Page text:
Friday, July 5, 2013

Paper cooking and a popping family

What’s poppin’ in Nederland
Pop Family has taken its successful Beaumont Business to Nederland and the grand opening featured the No. 1 customer pick at both stores: caramel sea salt.
Nancy Lamson said everybody loves that, but she’s noticed her Mid-County shoppers have a flair for the spicy. Crawfish, gumbo and bloody mary are favorites here. But please, don’t forget the sweet flavors. Get some of everything.

Cook in paper
Grilling seafood, chicken or vegetables on parchment is a way to cut down on high-fat oils, some Canadians tell us. PaperChef (www.paperchef) makes bags, sheets and cups that make cooking and cleanup easy. Pre-folded parchment bags steam and “dramatize” flavor, the Toronto-based company reports. I spread some paper onto a baking sheet and crisped up tomatoes and vegetables. I loved how the one sheet lasted through a couple of baking projects. My friend is already a parchment fan and simply won’t bake her Portobello mushroom pizzas without it.
PaperChef shares this recipe:

Colorado Trout

4 medium whole trout, cleaned, boned. Head and tail attached.
1 handful bunch of fresh dill (do not chop)
1 handful bunch of thyme, on stems
1 handful bunch of chives, do not chop
Salt and pepper to taste
Cooking twine
1 lemon, sliced
1 fennel bulb, thinly sliced, reserve fronds for garnish
Drizzles of olive oil
4 PaperChef© parchment cooking bags
Fennel fronds (for decoration)
Preparation Instructions:
With the trout prepared and deboned, open the trout and place all fresh herbs divided equally among the whole trout. Add salt and pepper to taste.
Score multiple slices through the skin on the top to allow the lemon and fennel to infuse into the center. Tie with twine similar to a butcher's running knot (this insures that the trout stays tightly closed so the herbs infuse into the fish.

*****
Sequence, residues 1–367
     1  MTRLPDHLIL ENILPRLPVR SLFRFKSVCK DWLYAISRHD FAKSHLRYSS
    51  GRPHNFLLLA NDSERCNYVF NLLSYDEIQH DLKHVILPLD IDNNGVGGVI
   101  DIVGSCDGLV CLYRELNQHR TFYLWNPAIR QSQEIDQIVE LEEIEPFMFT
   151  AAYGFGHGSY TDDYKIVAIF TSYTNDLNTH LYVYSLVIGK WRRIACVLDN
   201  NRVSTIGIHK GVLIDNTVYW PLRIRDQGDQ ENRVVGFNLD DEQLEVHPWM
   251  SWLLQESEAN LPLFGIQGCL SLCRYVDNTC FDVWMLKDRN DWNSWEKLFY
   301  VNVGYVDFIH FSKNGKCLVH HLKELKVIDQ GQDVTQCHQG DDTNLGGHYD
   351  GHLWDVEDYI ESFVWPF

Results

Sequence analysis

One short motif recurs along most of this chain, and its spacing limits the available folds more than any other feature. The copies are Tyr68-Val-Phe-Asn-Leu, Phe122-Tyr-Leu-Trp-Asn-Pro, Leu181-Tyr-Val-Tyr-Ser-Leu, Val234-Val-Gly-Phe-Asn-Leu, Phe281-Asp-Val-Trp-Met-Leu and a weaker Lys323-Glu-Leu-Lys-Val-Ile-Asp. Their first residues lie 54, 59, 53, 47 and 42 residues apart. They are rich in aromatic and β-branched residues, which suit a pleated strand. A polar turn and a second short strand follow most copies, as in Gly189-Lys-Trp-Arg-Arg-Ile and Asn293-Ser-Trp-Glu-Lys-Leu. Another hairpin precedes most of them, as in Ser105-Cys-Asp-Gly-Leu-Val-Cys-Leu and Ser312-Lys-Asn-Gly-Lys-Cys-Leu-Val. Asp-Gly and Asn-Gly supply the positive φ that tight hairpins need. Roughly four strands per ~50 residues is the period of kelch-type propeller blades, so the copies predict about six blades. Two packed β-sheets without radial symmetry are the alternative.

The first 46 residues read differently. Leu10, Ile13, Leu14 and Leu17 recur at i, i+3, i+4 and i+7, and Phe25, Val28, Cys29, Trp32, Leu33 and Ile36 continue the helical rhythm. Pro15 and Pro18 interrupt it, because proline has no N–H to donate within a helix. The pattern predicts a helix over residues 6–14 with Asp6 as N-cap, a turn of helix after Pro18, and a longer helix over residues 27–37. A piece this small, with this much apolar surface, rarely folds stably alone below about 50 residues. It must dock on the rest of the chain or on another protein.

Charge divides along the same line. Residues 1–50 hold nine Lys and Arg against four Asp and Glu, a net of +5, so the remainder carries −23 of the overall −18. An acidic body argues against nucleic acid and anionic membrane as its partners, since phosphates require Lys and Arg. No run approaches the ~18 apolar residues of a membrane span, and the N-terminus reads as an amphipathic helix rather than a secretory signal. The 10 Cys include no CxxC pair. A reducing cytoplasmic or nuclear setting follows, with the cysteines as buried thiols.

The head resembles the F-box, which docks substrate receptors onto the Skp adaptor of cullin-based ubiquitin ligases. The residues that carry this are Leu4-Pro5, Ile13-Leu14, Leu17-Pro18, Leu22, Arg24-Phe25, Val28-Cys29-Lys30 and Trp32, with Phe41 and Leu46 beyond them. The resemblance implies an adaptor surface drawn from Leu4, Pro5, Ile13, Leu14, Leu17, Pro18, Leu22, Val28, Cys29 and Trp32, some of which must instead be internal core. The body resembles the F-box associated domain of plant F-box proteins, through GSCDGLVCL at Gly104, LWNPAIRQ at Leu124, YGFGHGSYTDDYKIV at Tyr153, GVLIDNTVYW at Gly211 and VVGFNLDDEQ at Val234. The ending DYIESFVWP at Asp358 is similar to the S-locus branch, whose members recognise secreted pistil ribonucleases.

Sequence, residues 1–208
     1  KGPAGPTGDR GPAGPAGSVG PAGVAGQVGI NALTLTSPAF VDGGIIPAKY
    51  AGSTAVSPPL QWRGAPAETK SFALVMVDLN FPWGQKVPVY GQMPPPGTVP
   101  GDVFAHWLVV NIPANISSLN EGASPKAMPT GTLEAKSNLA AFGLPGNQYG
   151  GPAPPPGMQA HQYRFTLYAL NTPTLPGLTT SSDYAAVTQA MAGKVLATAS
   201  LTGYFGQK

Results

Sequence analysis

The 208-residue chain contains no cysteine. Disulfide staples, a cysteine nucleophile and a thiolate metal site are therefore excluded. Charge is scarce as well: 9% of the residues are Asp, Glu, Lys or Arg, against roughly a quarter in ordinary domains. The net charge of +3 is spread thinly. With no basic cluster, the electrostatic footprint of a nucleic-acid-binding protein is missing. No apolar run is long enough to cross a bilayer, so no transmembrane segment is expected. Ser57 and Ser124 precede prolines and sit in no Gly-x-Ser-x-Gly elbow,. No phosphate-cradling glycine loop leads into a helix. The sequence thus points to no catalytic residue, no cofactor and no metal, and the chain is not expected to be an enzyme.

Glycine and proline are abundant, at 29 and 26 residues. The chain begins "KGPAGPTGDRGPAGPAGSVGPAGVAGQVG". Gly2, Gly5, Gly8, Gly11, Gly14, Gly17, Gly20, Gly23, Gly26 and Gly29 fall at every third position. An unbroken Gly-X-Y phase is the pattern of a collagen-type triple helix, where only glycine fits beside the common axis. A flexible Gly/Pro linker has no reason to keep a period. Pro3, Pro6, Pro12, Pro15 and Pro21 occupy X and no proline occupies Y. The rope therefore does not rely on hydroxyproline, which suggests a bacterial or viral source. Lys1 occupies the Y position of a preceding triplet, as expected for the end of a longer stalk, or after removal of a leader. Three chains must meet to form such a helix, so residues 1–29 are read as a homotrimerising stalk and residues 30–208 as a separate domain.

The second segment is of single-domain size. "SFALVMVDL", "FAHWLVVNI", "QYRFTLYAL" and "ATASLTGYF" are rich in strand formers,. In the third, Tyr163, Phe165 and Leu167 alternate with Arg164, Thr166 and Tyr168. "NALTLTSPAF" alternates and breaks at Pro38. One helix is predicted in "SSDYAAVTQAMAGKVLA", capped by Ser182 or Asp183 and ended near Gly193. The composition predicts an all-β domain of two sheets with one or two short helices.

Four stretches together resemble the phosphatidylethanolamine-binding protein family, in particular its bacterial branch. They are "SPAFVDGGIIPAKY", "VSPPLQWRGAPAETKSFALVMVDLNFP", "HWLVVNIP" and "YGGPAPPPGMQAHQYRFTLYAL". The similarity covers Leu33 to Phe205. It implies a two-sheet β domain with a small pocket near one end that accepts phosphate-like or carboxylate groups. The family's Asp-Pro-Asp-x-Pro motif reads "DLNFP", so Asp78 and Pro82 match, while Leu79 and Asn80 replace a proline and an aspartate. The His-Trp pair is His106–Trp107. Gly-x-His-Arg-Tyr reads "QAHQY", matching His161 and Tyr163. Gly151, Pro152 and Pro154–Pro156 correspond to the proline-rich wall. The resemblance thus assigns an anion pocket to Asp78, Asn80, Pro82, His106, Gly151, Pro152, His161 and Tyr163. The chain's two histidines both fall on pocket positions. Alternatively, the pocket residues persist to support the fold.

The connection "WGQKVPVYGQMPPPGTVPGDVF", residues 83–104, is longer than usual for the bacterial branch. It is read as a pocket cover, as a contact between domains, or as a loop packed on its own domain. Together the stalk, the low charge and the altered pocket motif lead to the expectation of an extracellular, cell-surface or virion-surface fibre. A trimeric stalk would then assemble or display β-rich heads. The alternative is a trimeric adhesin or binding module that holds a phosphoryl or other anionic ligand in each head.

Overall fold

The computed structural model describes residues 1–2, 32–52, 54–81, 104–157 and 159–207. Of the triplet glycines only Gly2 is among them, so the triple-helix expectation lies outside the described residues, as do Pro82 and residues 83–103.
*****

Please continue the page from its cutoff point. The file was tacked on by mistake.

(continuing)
Place lemon slices and thinly sliced fennel on the bottom and top of the fish, then drizzle lightly with olive oil for taste.
Using a long handled fish spatula, place each trout into the Paper Chef© parchment bag. Fold the ends and crimp to seal with wooden skewers to keep the folds securely closed.
Follow instructions below to “grill/steam” the pouches. Allow approximately 20 minutes to grill/steam the fish. Serve with parchment steamed grilled vegetables and garnish with fennel fronds.

“Grown-up” potatoes
Still into tots? Go beyond ketchup with what’s billed as a ‘grown-up” taste to a classic. Alexia Crispy Seasoned Potato Puffs is out from Alexia Foods, a line of premium, all-natural frozen potatoes, breads, and side dishes. I baked up a batch seasoned with roasted garlic, cracked black pepper, sour cream and chives. Makers suggest this be served with a gourmet sandwich and perhaps a dip, but I had it with roasted garden vegetables. I enjoyed mine by following baking directions. My mom would have left them in a tad for her desired crispy perfection. I loved the flavor. Makers say puffs are” available at retailers nationwide for a suggested retail price of $3.89 and go from the freezer to the table in approximately 20 minutes.”
Little Bottles
There’s a reason the bottles are so tiny. Science has allowed T.A.S.T.E. Technology to make the Butterfly Kiss and Rose ‘N’ Blum experience the same in a sample form so you know what to purchase and store in the future. Can’t have the wine cellar space go to waste with bottls you don’t just love.
Total Anaerobic Sample Transfer Environment is a patented process that allows winemakers to taste small and large batches at the same time to assure they are indistinguishable.  I loved flavors such as the following:
Butterfly Kiss, including pink and white Pino Grigio.
Moscato: This sweet stuff is what my husband goes for. It’s a lighter summer pick.
Chardonay: Hits the spot with chilled fruit.

Rose ‘N’ Blum
Pinot Grigio: A big flavor in a tiny bottle.
I will also note to crafty ladies that once emptied, I filled the adorable bottles with colored water and bunched them into a showy “chandelier” that’s hanging in the garden.

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